Harrow Council is the local authority for the London borough of Harrow in Greater London. The council sets council tax and also collects precepts for Greater London function and business rates.
The council is one of the biggest employers in the area with a clear objective of putting residents first in delivering the essential services. As the council look to the future, the council has a new set of priorities and with it’s on-going modernisation programme, it is seeking ways to deliver these priorities. As a result, they wanted to evolve and refresh their council logo to reflect their geographical and historical significance. Therefore the logo should signal how the organisation is modernising it’s service delivery to create a clear sense of civic pride.
Their current logo has been in existence for more than 15 years. The lozenge design is now looking dated and its relevance is now questionable. Over the recent years, a secondary logo has been used has evolved across our digital presence and assets, so it is felt to be giving mix messages to the public. Therefore, they needed to consolidate this all into one new logo which could be used across all internal and external platforms, physical and digital formats to signal that they are "one" counci, serving the residents of Harrow.
By creating a modern, stylised and authentic logo for the borough, they will not only be able to be able to generate a cohesive brand voice but more importantly help distinguish their borough amongst others.
First I decided to do thorough research on the historical and geographical significance of the borough to see how certain symbolic elements could be used in the logo to help visually communicate Harrow's rich history to its residents.
A key part specified in the brief was that they wanted to introduce the organisations "Civic Coat of Arms" as this is an important symbol of of the council's unique historical significance. After analysing the key elements of this emblem I decided to experiment with ways in which I could translate this original symbol into a more modern illustration that would reflect a contemporary and stylised image.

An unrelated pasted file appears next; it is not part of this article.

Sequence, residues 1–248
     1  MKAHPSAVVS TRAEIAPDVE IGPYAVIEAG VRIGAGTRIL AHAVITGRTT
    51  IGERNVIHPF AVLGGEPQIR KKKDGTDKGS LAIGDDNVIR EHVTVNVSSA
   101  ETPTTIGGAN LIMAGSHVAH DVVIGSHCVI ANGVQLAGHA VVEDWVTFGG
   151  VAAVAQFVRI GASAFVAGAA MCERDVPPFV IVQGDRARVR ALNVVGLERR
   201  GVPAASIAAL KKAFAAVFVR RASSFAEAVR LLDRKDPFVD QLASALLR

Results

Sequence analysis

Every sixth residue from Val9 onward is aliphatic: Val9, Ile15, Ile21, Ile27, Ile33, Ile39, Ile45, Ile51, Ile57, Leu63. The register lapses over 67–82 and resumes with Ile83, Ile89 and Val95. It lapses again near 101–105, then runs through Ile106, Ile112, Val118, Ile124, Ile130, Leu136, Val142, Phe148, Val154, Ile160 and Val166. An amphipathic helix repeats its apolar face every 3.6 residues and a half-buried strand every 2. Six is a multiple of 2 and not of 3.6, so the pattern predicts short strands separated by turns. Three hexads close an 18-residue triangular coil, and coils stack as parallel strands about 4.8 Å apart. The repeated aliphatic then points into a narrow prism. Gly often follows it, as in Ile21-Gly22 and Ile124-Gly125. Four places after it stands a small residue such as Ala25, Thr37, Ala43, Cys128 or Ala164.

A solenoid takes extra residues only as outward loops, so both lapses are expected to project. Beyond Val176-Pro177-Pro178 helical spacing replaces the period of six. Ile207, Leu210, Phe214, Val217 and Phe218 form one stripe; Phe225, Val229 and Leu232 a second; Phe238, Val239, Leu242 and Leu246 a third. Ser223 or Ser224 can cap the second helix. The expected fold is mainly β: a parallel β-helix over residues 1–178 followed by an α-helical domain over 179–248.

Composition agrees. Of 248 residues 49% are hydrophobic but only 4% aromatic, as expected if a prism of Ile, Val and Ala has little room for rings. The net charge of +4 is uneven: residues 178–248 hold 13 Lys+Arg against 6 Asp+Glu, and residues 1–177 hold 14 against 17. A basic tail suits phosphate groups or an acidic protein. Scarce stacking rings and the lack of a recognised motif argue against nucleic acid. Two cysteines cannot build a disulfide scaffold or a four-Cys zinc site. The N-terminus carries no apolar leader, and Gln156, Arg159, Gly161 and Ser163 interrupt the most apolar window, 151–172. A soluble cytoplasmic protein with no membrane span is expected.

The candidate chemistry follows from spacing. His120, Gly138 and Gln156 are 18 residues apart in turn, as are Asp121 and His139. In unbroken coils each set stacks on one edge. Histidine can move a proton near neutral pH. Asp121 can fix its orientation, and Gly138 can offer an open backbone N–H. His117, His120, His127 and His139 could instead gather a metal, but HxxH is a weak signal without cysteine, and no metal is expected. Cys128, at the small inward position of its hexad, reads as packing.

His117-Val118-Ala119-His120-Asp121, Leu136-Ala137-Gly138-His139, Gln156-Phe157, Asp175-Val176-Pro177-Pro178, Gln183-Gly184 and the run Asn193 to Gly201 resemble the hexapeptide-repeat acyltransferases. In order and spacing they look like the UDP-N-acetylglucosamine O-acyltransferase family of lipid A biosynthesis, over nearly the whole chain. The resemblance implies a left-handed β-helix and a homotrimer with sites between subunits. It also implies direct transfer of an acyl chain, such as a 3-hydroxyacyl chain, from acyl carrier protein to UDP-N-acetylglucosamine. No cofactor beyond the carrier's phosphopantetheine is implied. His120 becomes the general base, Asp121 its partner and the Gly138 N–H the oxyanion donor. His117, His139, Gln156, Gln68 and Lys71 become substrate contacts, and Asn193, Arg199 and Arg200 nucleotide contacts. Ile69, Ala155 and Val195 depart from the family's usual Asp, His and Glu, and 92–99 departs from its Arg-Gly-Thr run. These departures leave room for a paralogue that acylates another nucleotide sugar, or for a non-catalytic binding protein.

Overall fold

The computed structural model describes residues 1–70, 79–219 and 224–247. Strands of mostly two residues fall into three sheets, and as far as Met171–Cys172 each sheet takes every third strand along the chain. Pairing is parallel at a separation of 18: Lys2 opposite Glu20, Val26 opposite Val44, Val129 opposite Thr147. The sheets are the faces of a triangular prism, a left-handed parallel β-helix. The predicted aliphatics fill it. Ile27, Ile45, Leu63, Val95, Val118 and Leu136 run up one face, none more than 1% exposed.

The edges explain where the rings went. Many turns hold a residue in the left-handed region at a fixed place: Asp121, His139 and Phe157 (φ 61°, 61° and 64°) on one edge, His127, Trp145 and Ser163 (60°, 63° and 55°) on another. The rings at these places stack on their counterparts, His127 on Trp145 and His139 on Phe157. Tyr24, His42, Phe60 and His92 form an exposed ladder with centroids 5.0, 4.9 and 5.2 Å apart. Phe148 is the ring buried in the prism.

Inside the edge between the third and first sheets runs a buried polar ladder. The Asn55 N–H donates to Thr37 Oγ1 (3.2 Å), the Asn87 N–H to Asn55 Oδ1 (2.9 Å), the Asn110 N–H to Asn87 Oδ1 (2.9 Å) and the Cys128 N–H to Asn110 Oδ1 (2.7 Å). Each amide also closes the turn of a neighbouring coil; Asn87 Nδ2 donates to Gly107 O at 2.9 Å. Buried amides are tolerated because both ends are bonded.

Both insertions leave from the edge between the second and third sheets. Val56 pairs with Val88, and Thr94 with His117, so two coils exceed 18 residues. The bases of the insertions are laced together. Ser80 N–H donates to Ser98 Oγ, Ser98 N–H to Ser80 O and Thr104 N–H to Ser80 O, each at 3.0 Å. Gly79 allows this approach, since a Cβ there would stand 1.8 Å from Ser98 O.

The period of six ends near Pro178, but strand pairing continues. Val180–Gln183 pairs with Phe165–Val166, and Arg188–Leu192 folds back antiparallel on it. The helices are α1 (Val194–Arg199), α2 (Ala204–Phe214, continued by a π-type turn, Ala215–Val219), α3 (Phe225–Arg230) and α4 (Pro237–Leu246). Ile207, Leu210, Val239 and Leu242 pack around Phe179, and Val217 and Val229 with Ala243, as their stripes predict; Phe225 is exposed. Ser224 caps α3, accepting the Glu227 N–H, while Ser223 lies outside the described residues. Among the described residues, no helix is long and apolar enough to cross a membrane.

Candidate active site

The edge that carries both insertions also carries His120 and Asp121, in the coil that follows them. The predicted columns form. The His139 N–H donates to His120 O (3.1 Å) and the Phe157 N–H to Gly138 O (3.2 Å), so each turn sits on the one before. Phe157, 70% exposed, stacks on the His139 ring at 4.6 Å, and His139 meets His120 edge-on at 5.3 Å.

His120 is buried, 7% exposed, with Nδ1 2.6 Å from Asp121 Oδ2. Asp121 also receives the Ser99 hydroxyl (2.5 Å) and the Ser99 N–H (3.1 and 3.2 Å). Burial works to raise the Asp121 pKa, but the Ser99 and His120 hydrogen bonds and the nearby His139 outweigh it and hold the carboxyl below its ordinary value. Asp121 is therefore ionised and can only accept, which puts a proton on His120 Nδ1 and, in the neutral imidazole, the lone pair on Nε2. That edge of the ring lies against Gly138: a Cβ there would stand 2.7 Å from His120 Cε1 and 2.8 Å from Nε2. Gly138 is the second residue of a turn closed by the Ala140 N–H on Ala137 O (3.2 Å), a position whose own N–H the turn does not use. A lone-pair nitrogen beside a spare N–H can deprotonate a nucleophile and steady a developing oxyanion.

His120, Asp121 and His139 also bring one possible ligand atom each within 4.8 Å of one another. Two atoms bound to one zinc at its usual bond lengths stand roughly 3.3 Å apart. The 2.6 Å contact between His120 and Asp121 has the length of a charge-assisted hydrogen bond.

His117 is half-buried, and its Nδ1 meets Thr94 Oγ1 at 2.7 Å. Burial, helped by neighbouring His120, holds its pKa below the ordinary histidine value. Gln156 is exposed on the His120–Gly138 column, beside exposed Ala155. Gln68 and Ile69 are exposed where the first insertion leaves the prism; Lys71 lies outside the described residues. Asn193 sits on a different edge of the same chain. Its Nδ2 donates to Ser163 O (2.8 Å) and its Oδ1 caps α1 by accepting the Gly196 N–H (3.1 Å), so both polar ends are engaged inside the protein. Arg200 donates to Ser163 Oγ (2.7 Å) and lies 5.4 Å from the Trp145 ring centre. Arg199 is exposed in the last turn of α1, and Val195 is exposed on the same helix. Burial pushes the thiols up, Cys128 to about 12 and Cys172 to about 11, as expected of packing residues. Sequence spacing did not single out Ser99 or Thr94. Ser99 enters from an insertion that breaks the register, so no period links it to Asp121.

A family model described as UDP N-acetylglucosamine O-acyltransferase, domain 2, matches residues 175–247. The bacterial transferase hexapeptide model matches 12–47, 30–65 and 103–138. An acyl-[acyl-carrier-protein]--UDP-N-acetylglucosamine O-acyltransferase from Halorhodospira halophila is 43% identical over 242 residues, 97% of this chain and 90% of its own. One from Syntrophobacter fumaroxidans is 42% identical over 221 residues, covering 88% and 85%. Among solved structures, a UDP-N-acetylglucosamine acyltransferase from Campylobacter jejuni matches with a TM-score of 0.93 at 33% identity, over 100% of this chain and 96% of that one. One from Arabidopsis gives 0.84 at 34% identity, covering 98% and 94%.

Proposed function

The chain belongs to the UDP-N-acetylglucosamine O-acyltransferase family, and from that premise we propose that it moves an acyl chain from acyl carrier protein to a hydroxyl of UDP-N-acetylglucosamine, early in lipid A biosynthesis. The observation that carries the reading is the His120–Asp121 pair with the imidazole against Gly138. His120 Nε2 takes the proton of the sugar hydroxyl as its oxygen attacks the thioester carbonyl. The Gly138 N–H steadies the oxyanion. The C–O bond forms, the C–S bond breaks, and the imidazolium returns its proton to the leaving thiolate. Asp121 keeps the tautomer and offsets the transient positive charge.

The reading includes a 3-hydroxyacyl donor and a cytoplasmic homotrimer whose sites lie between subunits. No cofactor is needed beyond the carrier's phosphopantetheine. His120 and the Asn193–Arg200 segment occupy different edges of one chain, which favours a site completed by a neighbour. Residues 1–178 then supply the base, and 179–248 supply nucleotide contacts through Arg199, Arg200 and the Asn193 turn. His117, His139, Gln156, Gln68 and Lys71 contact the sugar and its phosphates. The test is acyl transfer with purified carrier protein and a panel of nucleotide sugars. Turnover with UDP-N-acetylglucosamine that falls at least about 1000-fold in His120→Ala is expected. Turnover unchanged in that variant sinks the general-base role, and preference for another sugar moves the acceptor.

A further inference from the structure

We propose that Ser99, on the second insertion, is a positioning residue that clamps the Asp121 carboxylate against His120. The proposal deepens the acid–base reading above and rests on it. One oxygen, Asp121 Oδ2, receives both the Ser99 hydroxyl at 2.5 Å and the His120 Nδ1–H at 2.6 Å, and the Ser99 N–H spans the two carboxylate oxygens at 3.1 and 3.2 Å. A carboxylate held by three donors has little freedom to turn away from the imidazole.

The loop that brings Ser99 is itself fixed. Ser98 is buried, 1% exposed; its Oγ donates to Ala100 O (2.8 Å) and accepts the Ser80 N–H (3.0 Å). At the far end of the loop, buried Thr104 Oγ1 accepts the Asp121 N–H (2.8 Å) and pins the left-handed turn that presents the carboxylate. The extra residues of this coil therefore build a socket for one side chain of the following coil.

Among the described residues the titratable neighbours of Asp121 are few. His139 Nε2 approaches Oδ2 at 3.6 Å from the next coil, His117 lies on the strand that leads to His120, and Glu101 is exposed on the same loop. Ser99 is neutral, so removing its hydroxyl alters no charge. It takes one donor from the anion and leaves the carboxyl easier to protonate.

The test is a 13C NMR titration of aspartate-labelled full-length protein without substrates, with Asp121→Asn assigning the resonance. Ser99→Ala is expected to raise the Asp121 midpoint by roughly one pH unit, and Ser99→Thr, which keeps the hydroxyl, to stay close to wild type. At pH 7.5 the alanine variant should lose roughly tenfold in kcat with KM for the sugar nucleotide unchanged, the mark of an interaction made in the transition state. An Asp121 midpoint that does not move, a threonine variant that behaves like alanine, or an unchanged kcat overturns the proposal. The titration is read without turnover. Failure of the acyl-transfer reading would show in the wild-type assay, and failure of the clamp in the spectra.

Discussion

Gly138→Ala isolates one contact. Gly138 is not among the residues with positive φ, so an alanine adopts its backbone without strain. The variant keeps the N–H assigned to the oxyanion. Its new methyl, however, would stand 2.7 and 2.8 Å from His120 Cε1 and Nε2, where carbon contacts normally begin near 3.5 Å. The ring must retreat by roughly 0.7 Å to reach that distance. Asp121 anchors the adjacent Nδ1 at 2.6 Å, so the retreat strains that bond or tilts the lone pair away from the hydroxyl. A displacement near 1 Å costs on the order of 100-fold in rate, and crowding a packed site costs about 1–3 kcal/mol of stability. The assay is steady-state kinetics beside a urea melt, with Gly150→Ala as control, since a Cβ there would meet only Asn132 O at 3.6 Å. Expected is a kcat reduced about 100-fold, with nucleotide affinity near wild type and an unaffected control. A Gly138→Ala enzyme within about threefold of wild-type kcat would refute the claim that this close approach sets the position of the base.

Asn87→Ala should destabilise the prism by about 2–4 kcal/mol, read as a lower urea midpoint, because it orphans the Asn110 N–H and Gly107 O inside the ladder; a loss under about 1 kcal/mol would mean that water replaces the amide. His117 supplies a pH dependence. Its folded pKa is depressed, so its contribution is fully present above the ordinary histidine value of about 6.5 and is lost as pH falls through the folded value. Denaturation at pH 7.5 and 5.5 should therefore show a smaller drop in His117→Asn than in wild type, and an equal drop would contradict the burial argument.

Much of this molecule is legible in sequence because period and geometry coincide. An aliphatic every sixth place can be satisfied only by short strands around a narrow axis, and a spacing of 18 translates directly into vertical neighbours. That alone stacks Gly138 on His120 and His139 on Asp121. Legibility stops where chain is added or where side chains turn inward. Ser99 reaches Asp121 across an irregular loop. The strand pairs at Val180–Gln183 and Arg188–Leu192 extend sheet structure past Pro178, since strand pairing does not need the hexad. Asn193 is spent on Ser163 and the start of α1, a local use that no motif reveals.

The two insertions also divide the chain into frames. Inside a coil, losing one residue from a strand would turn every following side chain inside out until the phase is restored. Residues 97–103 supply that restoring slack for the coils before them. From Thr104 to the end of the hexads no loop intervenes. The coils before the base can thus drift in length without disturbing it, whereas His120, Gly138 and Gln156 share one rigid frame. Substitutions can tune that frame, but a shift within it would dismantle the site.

I wanted to construct the shield as I thought this would be a key frame structure for the logo. In addition to this, the shield would act as a vehicle for embedding the several significant symbols onto.
The final constructed shield included several elements from the original crest:
Green bar - represents the green belt around London in which much of the borough lies.
The flaming torch of knowledge - Harrow School.
The quill pen - represents Pinner, where several famous authors have lived.
The red pile - stands for The Gore and for the Chandos family.
The clarion or organ stop - George Frederick Handel who lived and worked in the area.
The trees - depict Harrow Weald
Choosing a suitable typeface
When looking at suitable typefaces I decided to look at both sans-serif and serif to see what effect each one would generate. It was clear that the serif font generated a more old archaic feeling to the logo compared to the serif font. Therefore the serif font was used as a result as the varied strokes worked cohesively with the intricate crest design.
Testing out different orientations
Upon reflection, It was decided that the overall look of the crest was too intricate and needed to be simplified appropriately so that the logo can be outputted to the different interfaces (both physical and digital) accordingly.
Simplyfying the crest
As a result, I decided to simplify the crest design by reducing the amount of tones in the illustration and makes the elements more flat so that it would be suitable for digital interfaces.
Final logo design
The final change I made focussed on simplifying the crest appropriately so that each of the key symbols could be visually seen and distinguished. In addition to this, I change the typeface from Oriya MN to Azo Sans which helped generate a more crisp feel to the logo.
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